The first order of business upon arriving in Base Camp is to find your personal tent and get your gear sorted. This means taking out your sleeping bag, and maybe an additional pad. Putting up pictures of important people in your tent. Changing into some clean clothes from the dusty trek. Perhaps making a quick call home to let everyone know that you have arrived.

For the next few days, most people will rest, drink and eat. They will makes short walks around camp, perhaps to the edge of the Icefall. Some will take a quick skills review on a nearby ropes course the Sherpas set up on the glacier. But overall, it is a time to prepare mind and body for the next part of climbing Mt. Everest.

Climb On!
Alan
Memories are Everything


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  5 Responses to “Everest 2013: Weekend Update April 7”

  1.  

    thanks Alan, love reading your posts. takes me right back to the Khumbu

  2.  

    Just finished work,its 06.03 am in London and I’ve just enjoyed another excellent blog Alan. Thank you Sir, And yes Kate you are not alone in visiting this daily,good innit? And echo the best wishes by Bashar to the Jordanian teams and the Saudi young lady. What a cool name “Arabs with Altitude”

  3.  

    I see I am not alone in the daily visits to your blogs. After trekking so many times in my imagination, helped by the wonderful written word and photos I feel to know all the villages and stops along the way.Some of the tours round EBC and Axe’s tour round NBC last year show us just how comfortable some of the expeditions can be, together with all the gadgets and IT gear they have managed to take along with them. Looking up at Everest and the spindrift must be awesome,I get a tightness in my stomach just thinking about it. Cheers Kate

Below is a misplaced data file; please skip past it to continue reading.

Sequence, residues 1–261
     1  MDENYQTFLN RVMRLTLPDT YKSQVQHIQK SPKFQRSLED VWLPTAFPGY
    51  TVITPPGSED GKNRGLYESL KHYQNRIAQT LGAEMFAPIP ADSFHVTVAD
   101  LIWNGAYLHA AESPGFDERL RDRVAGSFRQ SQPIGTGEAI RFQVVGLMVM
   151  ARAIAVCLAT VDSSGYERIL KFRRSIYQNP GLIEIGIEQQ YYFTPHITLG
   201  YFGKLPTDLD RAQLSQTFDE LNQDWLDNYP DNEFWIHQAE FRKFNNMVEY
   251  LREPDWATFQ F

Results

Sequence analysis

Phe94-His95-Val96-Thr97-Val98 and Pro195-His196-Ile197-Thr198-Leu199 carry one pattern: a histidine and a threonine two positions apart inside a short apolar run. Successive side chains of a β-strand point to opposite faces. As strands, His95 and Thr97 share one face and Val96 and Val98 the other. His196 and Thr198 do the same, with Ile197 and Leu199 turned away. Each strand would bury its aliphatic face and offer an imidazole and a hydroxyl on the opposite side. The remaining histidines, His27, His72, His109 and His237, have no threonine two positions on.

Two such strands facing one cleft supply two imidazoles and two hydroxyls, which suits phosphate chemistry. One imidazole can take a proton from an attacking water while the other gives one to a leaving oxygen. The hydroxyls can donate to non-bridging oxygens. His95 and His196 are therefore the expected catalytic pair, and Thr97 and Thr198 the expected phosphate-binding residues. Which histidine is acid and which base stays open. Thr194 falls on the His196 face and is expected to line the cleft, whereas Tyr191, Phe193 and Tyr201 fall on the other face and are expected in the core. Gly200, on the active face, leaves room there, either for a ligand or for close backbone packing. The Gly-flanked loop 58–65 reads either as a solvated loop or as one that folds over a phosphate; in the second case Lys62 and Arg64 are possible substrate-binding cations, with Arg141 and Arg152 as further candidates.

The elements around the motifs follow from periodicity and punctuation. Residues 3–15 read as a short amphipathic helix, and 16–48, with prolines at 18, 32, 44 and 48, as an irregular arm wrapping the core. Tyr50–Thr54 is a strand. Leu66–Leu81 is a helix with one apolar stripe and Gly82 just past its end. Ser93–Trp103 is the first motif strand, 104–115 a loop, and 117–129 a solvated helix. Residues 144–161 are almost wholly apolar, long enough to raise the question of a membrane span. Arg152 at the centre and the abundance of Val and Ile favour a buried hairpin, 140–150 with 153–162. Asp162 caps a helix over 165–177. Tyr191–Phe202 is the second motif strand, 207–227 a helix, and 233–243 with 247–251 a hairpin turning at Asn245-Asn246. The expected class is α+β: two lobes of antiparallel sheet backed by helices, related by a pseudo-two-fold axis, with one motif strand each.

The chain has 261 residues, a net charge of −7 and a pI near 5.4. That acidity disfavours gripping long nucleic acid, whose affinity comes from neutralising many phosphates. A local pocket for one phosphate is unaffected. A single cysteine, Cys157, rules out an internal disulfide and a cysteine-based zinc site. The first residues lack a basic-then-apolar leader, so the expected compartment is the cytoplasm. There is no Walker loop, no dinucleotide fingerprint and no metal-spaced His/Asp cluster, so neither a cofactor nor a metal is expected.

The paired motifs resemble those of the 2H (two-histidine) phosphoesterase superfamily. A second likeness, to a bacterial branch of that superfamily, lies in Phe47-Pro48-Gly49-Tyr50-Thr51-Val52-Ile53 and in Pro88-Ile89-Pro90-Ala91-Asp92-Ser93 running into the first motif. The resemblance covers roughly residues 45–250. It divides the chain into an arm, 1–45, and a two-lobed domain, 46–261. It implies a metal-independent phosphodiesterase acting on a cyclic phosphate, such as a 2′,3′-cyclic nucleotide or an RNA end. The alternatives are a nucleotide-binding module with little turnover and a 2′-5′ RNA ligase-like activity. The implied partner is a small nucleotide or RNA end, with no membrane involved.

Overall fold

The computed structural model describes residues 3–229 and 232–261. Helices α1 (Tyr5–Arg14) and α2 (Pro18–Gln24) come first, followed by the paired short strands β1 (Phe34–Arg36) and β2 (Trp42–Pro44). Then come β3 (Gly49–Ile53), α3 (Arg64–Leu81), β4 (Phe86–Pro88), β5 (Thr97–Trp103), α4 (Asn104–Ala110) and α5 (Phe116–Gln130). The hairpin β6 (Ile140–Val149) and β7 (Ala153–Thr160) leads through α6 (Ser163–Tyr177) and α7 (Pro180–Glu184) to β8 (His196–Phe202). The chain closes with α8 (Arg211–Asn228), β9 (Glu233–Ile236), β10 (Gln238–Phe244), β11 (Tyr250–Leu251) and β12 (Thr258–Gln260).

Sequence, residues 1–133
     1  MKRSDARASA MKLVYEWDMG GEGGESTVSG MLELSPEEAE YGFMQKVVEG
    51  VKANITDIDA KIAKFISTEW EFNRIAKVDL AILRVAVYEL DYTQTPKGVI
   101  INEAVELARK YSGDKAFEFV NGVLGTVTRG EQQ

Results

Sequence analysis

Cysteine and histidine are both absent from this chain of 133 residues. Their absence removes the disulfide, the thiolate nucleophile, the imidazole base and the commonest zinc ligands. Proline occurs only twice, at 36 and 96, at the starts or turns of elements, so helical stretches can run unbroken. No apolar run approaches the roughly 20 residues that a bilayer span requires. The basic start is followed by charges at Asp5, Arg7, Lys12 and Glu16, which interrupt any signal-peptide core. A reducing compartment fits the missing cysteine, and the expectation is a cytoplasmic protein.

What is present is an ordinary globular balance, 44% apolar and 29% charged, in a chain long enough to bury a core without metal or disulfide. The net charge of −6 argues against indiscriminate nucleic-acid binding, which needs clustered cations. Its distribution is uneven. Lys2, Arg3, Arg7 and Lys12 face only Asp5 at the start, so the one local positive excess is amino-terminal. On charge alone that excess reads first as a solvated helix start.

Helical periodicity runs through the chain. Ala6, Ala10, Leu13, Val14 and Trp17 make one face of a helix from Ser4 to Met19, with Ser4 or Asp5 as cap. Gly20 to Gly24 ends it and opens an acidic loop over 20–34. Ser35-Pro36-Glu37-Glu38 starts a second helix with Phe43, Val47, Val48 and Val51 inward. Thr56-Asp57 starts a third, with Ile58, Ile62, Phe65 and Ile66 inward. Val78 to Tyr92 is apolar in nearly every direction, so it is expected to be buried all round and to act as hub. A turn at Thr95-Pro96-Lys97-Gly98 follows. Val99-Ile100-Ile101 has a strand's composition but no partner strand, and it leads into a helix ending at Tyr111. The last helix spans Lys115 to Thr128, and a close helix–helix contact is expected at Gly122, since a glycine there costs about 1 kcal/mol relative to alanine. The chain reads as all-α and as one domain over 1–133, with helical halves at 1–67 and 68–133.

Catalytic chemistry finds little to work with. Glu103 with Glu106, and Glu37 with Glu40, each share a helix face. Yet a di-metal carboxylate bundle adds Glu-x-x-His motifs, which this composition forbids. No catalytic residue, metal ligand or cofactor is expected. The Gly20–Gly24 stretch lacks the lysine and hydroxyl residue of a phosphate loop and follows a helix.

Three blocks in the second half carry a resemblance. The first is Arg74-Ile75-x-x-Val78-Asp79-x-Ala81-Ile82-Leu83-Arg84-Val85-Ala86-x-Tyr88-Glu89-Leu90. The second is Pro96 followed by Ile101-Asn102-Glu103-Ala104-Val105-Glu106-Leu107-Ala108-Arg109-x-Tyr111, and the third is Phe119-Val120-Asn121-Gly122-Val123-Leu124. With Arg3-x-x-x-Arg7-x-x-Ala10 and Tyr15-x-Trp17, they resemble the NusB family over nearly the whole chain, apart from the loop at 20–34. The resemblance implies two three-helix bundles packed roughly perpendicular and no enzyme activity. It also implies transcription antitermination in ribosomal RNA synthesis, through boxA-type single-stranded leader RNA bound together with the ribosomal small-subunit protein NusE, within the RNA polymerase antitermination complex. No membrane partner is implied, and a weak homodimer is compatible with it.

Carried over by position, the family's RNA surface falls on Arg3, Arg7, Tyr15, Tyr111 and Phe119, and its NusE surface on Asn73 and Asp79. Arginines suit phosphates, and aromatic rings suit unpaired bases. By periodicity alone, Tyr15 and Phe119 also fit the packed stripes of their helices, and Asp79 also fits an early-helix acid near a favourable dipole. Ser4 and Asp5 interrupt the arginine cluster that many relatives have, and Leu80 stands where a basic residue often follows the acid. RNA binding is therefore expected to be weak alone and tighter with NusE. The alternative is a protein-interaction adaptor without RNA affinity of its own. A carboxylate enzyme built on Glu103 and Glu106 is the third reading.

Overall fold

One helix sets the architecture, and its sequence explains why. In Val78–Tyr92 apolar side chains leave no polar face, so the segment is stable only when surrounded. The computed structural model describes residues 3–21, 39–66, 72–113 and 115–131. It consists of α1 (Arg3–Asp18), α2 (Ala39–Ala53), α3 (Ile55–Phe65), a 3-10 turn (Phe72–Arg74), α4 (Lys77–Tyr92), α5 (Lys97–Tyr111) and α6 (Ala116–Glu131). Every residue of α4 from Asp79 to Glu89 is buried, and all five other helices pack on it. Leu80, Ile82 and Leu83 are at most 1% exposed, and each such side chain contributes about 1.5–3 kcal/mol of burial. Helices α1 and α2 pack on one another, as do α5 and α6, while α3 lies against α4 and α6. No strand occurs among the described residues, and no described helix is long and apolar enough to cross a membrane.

4.  

    This is so exciting! Your blog is wonderful, I visit quite often. Thanks for keeping such accurate, up to date information! I love it!

  5.  

    As always Alan you reporting is comprehensive and its a delight to read. This is the second year I am following your reporting and I look forward to your posts daly with excitement.

    There are two groups that I am following this year. A Jordanian group that are Trekking to the EBC under the slogan “From the lowest Point to the Highest Point” in the aid of the Hussien Cancer Foundation. Its a group of 20 Jordanian Trekkers led by Mostafa Salameh who summited Everest in 2008 as the first Jordanian to do so.

    The second group has more ambitious plans to go all the way to the summit. They are part of the Alpine Ascents International Team 2 and are climbing in aid of charity under the slogan “Arabs with Altitude”.

    One additional thing to highlight this year is the attempt by a Saudi female with AAI Team 1 Raha Moharrak. She already has a number of the 7 Summits under her belt. Should she accomplish her mission to ascend Everest she will be the First Saudi female to do so and the Second Arab Female to accomplish this amazing feat. I wish them all the best of luck and safe ascent and descent.

    Keep up the good work and I hope you know you have many followers from all around the world to your good work and good cause.

    Namaste,

    Bashar